4. ^ "Chambers UK 2014". Retrieved April 23, 2014. 
  5. ^ "Chambers Asia-Pacific 2014". Retrieved October 3, 2011. 
  6. ^ "IFLR 2013 Asia Awards (subscription required)". Retrieved April 25, 2014. 
  7. ^ "A-List 2013". The American Lawyer. Retrieved July 1, 2013. 
  8. ^ "The AmLaw 100". Retrieved May 1, 2013. 
  9. ^ "U.S. News - Best Lawyers - Ropes & Gray LLP". Retrieved January 28, 2012. 
  10. ^ "Ropes & Gray LLP: News & Publications: Ropes & Gray Cited as "Firm of the Year" for Health Law (including Life Sciences), Private Equity, Securities Litigation, White Collar Crime". Retrieved 2014-04-23. 
  11. ^ Law360, January 7, 2011.
  12. ^ "Ropes & Gray Named a 'Standout' Firm for Securities Litigation Nationally", September 2010. Ropes & Gray website.
  13. ^ "Financial Times". Retrieved January 28, 2012. 
  14. ^ "Chambers Award for Excellence 2010" (PDF). Chambers and Partners. Retrieved October 3, 2011. 
  15. ^ "Chambers Award for Excellence 2009" (PDF). Chambers and Partners. 
  16. ^ "Chambers USA Awards for Excellence 2013". Retrieved April 18, 2014. 
  17. ^ "Chambers USA Awards for Excellence 2013". Retrieved April 18, 2014. 
  18. ^ "2014 Vault Survey". Vault Guide. Retrieved April 24, 2014.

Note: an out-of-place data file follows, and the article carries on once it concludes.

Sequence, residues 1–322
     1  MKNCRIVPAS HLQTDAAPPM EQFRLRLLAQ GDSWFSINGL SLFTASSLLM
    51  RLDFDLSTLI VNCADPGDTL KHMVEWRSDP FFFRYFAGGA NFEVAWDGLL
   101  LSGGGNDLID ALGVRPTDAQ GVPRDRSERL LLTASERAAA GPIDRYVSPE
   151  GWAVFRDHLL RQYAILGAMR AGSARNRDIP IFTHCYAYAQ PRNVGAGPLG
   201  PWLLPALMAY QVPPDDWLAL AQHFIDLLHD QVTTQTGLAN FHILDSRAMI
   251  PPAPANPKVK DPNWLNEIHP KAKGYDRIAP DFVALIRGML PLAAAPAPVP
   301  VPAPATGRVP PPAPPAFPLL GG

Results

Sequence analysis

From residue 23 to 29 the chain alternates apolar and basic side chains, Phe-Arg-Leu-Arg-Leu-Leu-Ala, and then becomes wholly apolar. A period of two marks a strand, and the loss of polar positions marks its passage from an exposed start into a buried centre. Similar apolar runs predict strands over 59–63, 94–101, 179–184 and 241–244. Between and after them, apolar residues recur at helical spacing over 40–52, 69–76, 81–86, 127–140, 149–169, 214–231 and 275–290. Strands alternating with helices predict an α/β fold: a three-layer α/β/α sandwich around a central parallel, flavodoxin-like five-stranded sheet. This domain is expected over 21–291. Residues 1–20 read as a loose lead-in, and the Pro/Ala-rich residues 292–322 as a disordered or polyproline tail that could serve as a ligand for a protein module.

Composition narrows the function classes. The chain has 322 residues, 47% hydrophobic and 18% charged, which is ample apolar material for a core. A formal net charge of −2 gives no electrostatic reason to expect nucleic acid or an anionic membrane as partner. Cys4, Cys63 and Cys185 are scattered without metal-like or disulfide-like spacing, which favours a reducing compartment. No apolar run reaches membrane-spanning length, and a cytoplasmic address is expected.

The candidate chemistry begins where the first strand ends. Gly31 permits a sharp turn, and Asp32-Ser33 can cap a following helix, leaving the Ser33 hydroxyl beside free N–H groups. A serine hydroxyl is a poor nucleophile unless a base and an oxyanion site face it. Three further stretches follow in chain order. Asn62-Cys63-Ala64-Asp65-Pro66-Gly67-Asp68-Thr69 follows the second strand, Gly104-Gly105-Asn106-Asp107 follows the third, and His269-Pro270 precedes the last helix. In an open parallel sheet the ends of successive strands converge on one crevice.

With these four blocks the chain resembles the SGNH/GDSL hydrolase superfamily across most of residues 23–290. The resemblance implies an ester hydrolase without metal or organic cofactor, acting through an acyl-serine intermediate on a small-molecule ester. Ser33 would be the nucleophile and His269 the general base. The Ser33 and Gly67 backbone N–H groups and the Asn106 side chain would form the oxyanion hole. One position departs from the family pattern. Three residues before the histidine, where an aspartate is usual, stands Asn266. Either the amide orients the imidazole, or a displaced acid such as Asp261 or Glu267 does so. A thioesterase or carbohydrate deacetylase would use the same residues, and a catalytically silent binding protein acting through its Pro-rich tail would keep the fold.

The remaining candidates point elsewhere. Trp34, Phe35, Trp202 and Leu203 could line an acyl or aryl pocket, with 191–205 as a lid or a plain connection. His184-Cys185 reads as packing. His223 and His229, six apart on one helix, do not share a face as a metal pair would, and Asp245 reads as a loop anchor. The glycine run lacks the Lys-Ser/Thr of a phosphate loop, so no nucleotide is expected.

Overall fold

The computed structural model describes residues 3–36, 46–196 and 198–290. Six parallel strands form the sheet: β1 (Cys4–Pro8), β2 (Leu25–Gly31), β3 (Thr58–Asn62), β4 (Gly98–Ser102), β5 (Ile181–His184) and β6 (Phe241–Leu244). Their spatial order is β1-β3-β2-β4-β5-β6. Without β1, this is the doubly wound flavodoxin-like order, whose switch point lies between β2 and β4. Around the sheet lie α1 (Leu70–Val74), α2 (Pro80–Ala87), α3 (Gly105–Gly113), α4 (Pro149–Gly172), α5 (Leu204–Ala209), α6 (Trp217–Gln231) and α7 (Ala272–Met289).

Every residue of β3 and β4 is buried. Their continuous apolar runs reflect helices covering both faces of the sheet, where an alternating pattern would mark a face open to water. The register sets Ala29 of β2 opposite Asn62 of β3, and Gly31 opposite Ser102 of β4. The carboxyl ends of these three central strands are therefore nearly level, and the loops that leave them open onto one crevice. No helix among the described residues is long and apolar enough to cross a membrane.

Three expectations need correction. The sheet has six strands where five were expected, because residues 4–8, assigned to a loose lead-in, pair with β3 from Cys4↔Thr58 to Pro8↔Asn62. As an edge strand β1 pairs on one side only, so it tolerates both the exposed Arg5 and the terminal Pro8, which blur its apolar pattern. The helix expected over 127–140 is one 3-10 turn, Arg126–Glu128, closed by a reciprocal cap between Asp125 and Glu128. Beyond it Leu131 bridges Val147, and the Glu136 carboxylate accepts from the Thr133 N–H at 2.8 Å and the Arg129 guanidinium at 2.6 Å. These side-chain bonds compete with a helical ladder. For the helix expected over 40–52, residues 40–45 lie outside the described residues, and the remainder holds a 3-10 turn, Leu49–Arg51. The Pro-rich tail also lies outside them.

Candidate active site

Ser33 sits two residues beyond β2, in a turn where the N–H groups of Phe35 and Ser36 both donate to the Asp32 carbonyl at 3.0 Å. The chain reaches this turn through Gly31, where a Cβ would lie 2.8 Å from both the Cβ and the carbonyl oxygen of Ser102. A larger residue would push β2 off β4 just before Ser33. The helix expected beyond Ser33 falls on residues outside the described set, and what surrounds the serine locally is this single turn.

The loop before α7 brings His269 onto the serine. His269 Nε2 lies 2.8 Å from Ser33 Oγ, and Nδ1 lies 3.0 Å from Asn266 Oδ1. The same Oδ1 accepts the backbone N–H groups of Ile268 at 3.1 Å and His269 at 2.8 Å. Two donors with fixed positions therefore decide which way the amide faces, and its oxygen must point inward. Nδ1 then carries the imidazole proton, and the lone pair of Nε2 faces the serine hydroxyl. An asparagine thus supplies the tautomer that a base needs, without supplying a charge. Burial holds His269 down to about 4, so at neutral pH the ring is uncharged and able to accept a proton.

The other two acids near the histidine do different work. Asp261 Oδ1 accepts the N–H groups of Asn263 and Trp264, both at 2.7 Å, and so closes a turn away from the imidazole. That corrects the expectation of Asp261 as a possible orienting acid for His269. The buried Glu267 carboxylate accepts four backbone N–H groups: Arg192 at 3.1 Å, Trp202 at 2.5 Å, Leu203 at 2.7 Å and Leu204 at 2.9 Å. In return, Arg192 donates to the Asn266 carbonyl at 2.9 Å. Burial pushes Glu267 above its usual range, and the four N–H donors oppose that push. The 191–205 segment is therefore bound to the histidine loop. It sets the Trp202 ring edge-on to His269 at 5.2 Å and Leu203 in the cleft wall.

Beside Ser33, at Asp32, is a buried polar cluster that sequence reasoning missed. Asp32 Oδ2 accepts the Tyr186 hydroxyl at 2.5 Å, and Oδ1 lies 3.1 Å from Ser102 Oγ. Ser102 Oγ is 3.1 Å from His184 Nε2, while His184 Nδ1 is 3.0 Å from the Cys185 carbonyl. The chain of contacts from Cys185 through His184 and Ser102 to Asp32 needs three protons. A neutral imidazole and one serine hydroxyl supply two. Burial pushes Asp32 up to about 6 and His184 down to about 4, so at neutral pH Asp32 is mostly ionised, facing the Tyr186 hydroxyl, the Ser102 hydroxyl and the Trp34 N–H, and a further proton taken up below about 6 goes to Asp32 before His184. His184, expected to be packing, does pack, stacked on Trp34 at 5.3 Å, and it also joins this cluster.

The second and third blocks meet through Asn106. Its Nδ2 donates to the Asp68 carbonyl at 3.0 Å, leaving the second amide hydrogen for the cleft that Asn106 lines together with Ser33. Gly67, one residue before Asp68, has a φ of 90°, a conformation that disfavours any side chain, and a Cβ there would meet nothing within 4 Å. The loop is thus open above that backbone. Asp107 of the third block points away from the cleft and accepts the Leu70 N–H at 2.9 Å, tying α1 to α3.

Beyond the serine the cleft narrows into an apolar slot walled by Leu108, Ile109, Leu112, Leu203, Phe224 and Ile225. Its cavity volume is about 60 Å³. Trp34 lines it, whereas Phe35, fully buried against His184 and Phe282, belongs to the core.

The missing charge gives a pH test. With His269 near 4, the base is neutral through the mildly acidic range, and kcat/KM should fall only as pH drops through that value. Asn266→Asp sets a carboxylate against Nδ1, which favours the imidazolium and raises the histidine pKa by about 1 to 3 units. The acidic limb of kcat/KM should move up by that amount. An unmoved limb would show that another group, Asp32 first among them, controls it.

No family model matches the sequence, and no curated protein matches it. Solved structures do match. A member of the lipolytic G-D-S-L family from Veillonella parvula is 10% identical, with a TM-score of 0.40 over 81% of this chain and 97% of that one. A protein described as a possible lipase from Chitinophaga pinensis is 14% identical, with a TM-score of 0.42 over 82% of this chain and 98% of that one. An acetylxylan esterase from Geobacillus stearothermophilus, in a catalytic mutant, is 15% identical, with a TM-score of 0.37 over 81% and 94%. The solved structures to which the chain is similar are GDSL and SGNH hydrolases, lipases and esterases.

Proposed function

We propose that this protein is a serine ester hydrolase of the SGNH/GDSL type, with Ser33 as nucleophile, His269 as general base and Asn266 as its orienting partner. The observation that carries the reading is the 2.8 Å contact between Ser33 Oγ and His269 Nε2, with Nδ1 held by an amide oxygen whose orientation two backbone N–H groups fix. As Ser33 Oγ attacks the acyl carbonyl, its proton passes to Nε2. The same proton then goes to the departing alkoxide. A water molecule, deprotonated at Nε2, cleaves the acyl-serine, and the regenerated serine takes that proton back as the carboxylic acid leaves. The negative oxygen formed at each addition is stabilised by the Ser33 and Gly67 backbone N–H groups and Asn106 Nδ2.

19. ^ "2014 Human Rights Campaign Corporate Equality Index" (PDF). Human Rights Campaign. Retrieved April 24, 2014. 
  20. ^ "Alleging Racial Bias, Former Ropes & Gray Associate Sues Firm", August 3, 2011. The American Lawyer.
  21. ^ "(Potential) Lawsuit of the Day: Another Discrimination Claim Against Ropes & Gray". May 13, 2011. 
  22. ^ "Ropes & Gray Sued for Age and Sex Discrimination By Former Partner", March 25, 2011. Above the Law.
  23. ^ "AmLaw Midlevel Associates Survey". The American Lawyer. Retrieved April 24, 2014. 
  24. ^ "ALB Employer of Choice 2012". Asian Legal Business. Retrieved April 24, 2014. 
  25. ^ "ALB Employer of Choice Japan 2011" (PDF). Asian Legal Business. Retrieved October 3, 2011. 
  26. ^ "Chambers Women in Law Awards 2014". Chambers. Retrieved April 24, 2014. 
  27. ^ "Jones et. al. v. Harris Associates L.P." (PDF). Retrieved January 28, 2012. 
  28. ^ "Nasdaq". Nasdaq. Retrieved January 28, 2012. 
  29. ^ Tirrell, Meg; Kelly, Jason; Saitto, Serena, "IMS to Sell Itself to TPG and CPP for $5.2 Billion", Bloomberg, November 5, 2009
  30. ^ Smith, Claire Coe, "Recession sentences law firms to a period of change", Financial News, Jan 25, 2010
  31. ^ "IP Watchdog, Sept. 30, 2010". September 30, 2010. Retrieved January 28, 2012. 
  32. ^ Randazzo, Sara (August 23, 2011). "The American Lawyer, Aug. 22, 2011". Retrieved January 28, 2012. 
  33. ^ "CBS "48 Hours"". Retrieved January 28, 2012. 
  34. ^ "National Law Journal, January 2, 2010". 
  35. ^ Caputo, Marc (September 14, 2011). "Miami Herald, Sept. 14, 2011". Retrieved January 28, 2012. 
  36. ^ "Boston Globe, May 10, 2010". May 10, 2010. Retrieved January 28, 2012. 
  37. ^ "Safe Haven Awards". Immigration Equality. Retrieved April 30, 2014. 
  38. ^ Ropes & Gray Litigation Team Files Federal Lawsuit Against’s Online Child Sex Trade, October 17, 2014 press release
  39. ^ "Former selectman Vincent resigns right to practice law". The Georgetown Record. October 1, 2009. Retrieved 30 July 2012. 
  40. ^ "Ex-Ropes & Gray Lawyer Gets 6 Months in Goffer Tipping Case", Dec 1, 2011. Bloomberg

External links[edit]